‘We are not New York City’: Clay, Platte County commissioners rebuff KC mayor’s plan to import immigrant labor force

Presiding commissioners for Clay and Platte Counties in Missouri have issued a joint statement urging Kansas City Mayor Quinton Lucas to scrap plans for importing immigrant labor.

Lucas announced his plan on social media platform X last week to work with the mayors of Denver and New York to import immigrant laborers. 

All are welcome in Kansas City,” Lucas wrote. “Proud to work with my fellow mayors like @MikeJohnstonCO and @NYCMayor as we work to ensure decompression of new arriving communities and collaboration among cities, labor, non-profits, and federal officials.”

Clay County Presiding Commissioner Jerry Nolte and Platte County Presiding Commissioner Scott Fricker, say not only is the plan likely in violation of state law, it could also prove to be very costly and lead to an increase in violent crime – all of which would further tax a city and population already desperately searching for answers.

“As Commissioners of counties that include significant portions of Kansas City,” the statement reads, “we are concerned that this misguided policy would violate Missouri Sanctuary City Law, possibly resulting in the loss of state funding currently contained in the proposed Missouri state budget. This budget includes millions of dollars in state funding for local law enforcement agencies, the loss of which would compromise the public safety of Kansas City residents living in our counties …

“The Mayor of New York City puts the cost of their migrant crisis at $12 billion by the Summer of 2025. The cost of [Mayor Lucas’] proposal will not be borne solely by Kansas City, but will be shared by citizens across the metropolitan area who have no say in this policy. A massive influx of migrants will inevitably impact surrounding areas like the Northland and increase the strain on an already serious housing crisis and on services for citizens like law enforcement, education, social services, and health care systems.”

The commissioners also call on Lucas to advance a resolution requiring a full council vote on Lucas’s move, which critics deride as a de facto making of KC into a sanctuary city. The resolution would essentially amount to a pledge to the Missouri Legislature the city will not enact any sanctuary city laws or policies.

“We further call on the mayor to advance Councilman Nathan Willett’s Resolution 240412 out of committee for a vote this month by the full Council. Resolution 240412, ‘Affirming to the Missouri State Legislature that Kansas City will not become a sanctuary city for undocumented immigrants,’ is an important resolution that we hope will be supported by the mayor and by all Kansas City Councilmembers.”

Lucas shared a Bloomberg article in which he details his plan, arguing it will benefit Kansas City’s economy, which he says is experiencing a labor shortage. He also argues the plan would be equally beneficial for other participating cities.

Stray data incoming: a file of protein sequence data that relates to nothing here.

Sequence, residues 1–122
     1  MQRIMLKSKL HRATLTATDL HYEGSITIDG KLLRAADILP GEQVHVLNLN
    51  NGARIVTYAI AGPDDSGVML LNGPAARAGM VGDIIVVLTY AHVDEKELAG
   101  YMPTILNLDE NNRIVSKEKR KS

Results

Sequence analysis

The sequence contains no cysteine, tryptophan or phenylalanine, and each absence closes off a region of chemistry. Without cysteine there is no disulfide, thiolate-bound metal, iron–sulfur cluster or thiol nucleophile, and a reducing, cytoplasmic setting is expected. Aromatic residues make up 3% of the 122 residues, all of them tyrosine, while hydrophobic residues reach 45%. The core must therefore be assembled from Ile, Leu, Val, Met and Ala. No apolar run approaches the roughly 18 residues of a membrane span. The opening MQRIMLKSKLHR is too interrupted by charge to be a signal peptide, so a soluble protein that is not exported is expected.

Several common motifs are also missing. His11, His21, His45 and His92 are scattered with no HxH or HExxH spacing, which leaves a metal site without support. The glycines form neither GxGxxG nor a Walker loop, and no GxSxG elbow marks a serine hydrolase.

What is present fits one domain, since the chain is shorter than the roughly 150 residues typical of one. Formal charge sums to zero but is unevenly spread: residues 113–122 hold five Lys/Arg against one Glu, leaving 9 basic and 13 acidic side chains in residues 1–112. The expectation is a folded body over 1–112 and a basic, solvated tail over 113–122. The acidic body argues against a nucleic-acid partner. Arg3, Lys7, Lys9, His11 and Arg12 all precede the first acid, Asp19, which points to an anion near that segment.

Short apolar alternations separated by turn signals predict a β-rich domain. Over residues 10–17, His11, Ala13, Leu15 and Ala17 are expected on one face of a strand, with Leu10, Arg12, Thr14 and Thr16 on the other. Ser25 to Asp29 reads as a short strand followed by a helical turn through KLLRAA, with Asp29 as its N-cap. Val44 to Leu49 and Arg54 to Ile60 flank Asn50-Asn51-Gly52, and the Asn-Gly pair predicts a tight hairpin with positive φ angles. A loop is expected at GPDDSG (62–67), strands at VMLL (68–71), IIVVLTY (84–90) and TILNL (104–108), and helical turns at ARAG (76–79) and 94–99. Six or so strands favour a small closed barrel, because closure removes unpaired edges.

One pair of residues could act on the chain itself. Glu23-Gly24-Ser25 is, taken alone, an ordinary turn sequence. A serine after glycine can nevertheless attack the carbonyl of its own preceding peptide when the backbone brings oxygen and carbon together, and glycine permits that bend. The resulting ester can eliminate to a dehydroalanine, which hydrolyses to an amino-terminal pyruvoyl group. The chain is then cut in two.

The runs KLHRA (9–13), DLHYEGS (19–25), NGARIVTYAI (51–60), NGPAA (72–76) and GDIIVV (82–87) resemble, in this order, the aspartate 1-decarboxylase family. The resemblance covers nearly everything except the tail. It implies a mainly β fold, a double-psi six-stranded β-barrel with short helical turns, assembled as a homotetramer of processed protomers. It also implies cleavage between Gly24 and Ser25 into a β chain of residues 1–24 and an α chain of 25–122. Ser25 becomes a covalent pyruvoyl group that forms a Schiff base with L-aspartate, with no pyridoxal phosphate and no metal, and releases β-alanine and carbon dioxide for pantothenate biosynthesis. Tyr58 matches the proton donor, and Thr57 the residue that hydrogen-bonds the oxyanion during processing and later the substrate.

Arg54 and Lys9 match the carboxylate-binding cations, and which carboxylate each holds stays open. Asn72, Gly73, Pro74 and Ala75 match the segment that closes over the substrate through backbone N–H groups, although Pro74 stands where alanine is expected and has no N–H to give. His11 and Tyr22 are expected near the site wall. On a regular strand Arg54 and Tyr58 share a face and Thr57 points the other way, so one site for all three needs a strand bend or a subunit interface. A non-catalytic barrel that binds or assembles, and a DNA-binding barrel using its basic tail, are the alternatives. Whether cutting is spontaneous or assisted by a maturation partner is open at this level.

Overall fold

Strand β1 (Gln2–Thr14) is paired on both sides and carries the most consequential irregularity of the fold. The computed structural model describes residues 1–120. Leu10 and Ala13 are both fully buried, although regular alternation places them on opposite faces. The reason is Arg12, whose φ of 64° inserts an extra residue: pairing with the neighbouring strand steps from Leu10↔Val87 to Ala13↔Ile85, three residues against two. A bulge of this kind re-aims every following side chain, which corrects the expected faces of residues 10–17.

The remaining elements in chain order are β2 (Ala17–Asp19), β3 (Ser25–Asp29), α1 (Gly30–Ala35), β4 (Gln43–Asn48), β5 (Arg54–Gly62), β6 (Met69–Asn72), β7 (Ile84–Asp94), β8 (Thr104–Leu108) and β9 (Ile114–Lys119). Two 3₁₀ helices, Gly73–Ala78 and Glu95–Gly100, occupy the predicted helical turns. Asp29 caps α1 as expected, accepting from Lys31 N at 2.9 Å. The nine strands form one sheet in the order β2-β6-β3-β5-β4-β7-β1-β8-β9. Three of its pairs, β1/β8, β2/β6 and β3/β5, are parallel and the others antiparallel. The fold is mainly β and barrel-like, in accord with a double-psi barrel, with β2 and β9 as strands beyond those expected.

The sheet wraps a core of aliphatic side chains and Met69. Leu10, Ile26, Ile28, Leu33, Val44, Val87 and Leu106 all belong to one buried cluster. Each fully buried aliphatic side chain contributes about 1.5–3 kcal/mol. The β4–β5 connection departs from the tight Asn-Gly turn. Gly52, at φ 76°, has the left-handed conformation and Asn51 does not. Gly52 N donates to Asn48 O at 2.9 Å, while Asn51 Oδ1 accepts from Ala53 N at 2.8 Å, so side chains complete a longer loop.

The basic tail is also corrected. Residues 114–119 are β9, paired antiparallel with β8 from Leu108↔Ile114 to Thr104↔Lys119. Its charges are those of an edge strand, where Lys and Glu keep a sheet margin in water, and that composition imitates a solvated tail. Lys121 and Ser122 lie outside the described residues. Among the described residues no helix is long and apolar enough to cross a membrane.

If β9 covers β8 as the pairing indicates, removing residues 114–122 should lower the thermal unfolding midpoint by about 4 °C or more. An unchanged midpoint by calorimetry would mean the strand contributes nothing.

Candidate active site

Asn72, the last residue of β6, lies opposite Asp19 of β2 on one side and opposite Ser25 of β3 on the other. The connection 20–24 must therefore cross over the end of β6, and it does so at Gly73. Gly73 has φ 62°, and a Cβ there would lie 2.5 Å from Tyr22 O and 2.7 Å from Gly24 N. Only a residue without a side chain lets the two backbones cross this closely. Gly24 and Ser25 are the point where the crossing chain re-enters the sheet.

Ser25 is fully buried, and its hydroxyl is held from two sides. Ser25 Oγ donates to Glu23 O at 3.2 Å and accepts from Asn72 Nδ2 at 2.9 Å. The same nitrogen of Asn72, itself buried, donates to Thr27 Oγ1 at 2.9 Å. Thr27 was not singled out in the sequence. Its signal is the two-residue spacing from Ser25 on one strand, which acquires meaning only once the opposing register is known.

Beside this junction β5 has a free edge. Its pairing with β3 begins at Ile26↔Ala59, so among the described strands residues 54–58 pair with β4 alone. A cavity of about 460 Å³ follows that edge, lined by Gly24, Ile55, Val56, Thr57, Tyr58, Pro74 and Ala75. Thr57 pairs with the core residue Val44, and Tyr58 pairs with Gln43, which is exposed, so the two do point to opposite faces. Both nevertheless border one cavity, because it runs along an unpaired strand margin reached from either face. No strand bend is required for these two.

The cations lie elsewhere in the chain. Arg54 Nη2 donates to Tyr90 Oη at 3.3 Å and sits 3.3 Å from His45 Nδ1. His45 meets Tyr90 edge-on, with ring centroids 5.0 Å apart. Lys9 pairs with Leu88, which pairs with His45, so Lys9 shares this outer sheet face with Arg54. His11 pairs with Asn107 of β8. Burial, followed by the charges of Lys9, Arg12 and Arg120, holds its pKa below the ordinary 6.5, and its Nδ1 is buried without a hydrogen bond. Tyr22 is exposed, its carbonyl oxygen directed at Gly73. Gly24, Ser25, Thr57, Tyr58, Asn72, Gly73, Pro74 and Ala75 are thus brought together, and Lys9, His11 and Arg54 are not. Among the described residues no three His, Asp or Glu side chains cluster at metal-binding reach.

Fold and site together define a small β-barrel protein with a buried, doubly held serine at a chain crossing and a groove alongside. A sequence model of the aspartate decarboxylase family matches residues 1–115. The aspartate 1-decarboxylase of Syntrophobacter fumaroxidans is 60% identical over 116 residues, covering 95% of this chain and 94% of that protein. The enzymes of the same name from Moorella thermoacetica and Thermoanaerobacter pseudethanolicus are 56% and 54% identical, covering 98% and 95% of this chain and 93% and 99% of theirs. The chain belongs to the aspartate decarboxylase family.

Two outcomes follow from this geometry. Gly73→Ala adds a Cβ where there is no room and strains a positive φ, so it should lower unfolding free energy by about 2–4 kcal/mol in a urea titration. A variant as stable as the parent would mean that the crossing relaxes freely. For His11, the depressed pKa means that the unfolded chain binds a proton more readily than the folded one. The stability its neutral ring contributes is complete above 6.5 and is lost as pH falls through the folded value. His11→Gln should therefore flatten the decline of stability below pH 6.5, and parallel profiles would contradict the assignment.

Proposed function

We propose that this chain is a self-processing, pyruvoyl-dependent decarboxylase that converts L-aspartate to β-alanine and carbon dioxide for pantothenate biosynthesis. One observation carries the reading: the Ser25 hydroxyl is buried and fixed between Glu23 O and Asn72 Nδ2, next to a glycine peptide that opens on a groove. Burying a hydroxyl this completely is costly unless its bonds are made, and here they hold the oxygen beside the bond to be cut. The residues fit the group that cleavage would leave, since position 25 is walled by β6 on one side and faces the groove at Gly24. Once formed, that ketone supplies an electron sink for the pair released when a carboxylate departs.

“Kansas City Mayor Quinton Lucas has a hunch that migrants with work permits could help alleviate the labor shortage that has built up as his city posts some of the region’s fastest economic growth,” the Bloomberg article claims. “That could also help ease the burden on cities like New York that have struggled to provide housing and support for an unprecedented influx of new arrivals, many of them asylum seekers from Latin America.”

“We need a lot more employees,” Lucas told Bloomberg. “If there are people who are willing and ready to work, then I believe that there could be a place for them.”

Lucas admits the program will not be without its costs, reportedly earmarking an estimated $1 million from the 2024-25 budget for “short-term rehousing, healthcare, and job training programs for refugees and migrants.” He also envisions the city needing to provide language services as most, if not all, of the immigrant laborers in question do not speak English.

While the immigration debate in the U.S. has been raging for years now, it has recently shifted. 

Progressives point to a recent report by the Congressional Budget Office to claim the U.S. economy is dependent on a large immigrant labor force. The report estimates a $7 trillion increase in GDP by the year 2033 that will be driven at least in part by a “surge in immigration.”

However, not everyone is convinced a mass influx of unskilled workers will have such a positive impact. Others, including Nolte, point to the unwanted impacts mass immigration has had on cities all over the country, even in addition to the massive expense.

“We should not import the violence exemplified by undocumented migrants attacking police officers in Times Square and the brutal murder of Laken Hope Riley by an illegal immigrant who was issued a work permit and later released. We are not New York City,” Nolte said in the press release. “Forcing these reckless and likely illegal policies will only increase criminal activity and endanger Northland families.”

Nolte told The Heartlander he’s cautiously optimistic Lucas will do the right thing, pointing to Willett’s resolution scheduled for discussion at 1:30 p.m. Tuesday.

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